Reversing the Button
If you choose to defend your big blind in Hold’em be prepared to play with fire. Defending your blind is not a simple task.
Some players will be greedy but everyone will be trying to pillage your stack. Remember that Texas Hold’em is a game designed around the wars and conflicts between players, who will be vying for the blinds. It is not for the faint at heart.
There are many players that will call raises from the Big Blind and end up finding themselves in huge trouble. They dislike being “ran over” and in fact they detest being bullied so much that they forget the game and prefer to battle in a futile attempt to win the “war of the blinds”. In simple words, “Why win the battle, but lose the war?” They call too much in an attempt to protect their blinds from being taken.
The problem is that once a player calls a raise from the Big Blind with or without a great hand they must act out of position. This frequently leads to overplaying hands and feeling the need to be aggressive. I once spoke with professional poker player and renowned author, Mike Caro, and he stated,
“Money flows clockwise at a poker table… It can be very difficult to be profitable when one is on the blinds because like it or not, the Big Blind is just a bad position at a Hold’em table…”
We all see it, chips flow to players in position it’s a fact of poker. The Big Blind might only have “positional advantage” over the Small Blind and that doesn’t account too much considering there is likely to be players acting in position behind the Big Blind.
So here are the meat and potatoes of the article (or the soy and hummus for the Vegans); it is sometimes okay in poker to play passively. The time to do it is when you’re on the Big Blind.
By slowing down the action and check-calling more often after a flop is a better way to control the pot.
You’ll often see Phil Hellmuth “check dark” when he is playing out of position. It’s not just some Hollywood stunt although it always looks that way; he does it to “reclaim the button”.
When I describe this play, I use the term “Reverse Button”, by checking and letting someone else dictate the action, one can get a read for the situation and decide what they should do rather than lead with a bet into a lion’s den. There are times where leading with a bet is a good idea, but in this case we’re discussing one method of protecting one’s Big Blind.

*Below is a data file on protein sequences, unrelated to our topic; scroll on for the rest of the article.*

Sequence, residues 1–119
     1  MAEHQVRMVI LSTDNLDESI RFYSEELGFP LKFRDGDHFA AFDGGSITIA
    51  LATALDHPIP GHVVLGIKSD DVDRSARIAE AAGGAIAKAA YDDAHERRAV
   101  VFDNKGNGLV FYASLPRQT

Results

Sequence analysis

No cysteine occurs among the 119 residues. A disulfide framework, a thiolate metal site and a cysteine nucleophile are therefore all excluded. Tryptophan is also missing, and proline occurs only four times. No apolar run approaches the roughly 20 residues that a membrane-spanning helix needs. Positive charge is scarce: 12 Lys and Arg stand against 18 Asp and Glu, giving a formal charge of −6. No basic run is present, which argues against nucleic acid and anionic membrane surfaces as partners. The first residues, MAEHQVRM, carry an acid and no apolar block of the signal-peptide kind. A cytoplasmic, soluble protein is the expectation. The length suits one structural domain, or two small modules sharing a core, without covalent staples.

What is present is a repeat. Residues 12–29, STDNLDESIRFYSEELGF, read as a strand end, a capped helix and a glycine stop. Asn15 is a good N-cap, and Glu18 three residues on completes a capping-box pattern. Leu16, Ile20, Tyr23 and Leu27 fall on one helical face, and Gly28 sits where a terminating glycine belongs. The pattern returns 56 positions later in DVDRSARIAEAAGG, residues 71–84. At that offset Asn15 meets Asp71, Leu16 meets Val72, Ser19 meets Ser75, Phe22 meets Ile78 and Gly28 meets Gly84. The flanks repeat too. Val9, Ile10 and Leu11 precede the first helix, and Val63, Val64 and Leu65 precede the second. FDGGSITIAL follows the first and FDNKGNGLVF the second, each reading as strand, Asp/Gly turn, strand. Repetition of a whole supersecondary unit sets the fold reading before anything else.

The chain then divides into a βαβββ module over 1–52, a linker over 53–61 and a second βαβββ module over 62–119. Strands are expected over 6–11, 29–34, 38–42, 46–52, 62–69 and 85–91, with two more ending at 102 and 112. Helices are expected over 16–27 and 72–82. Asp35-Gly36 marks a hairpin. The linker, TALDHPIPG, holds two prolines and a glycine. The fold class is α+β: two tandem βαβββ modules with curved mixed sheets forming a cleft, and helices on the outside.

In order to make this play work, occasionally you’ll have to check fold and create the perception that you can be ran over. It’s also a good idea to check-call more often than check-raise because it will disguise what hand you have and keep the pot smaller so you won’t have to call bigger bets if you’re up against an aggressive player.
Here’s an example, you’ve decided to call a raise from a player in the hijack seat with Q10s and flop a queen. If you lead you may be raised and the pot will be more difficult to manage because any bets on later streets will have to be bigger in relationship to the pot, but if you check-call the pot will remain smaller and you’ll be able to see more streets for less money.
Remember you could be check-calling beat to AQ or another hand, but the point is, you’re trying to avoid getting into a big pot out of position and more importantly see as many streets for the least amount of money.
I like this play because it takes one decision out of the hand for you, you’ll still have to make a decision on the river based on what happens on the turn of course, but by check-calling when you’ve flopped something, you’ll be able to gather much more information about the hand then leading into a player who has position on you. It’s also a great way to slow down an opponent who has position as well.
Lastly, it’s better to win a smaller pot and protect your Big Blind than lose a huge pot while attempting to protect your Big Blind and end up having to fold before the seeing a river.
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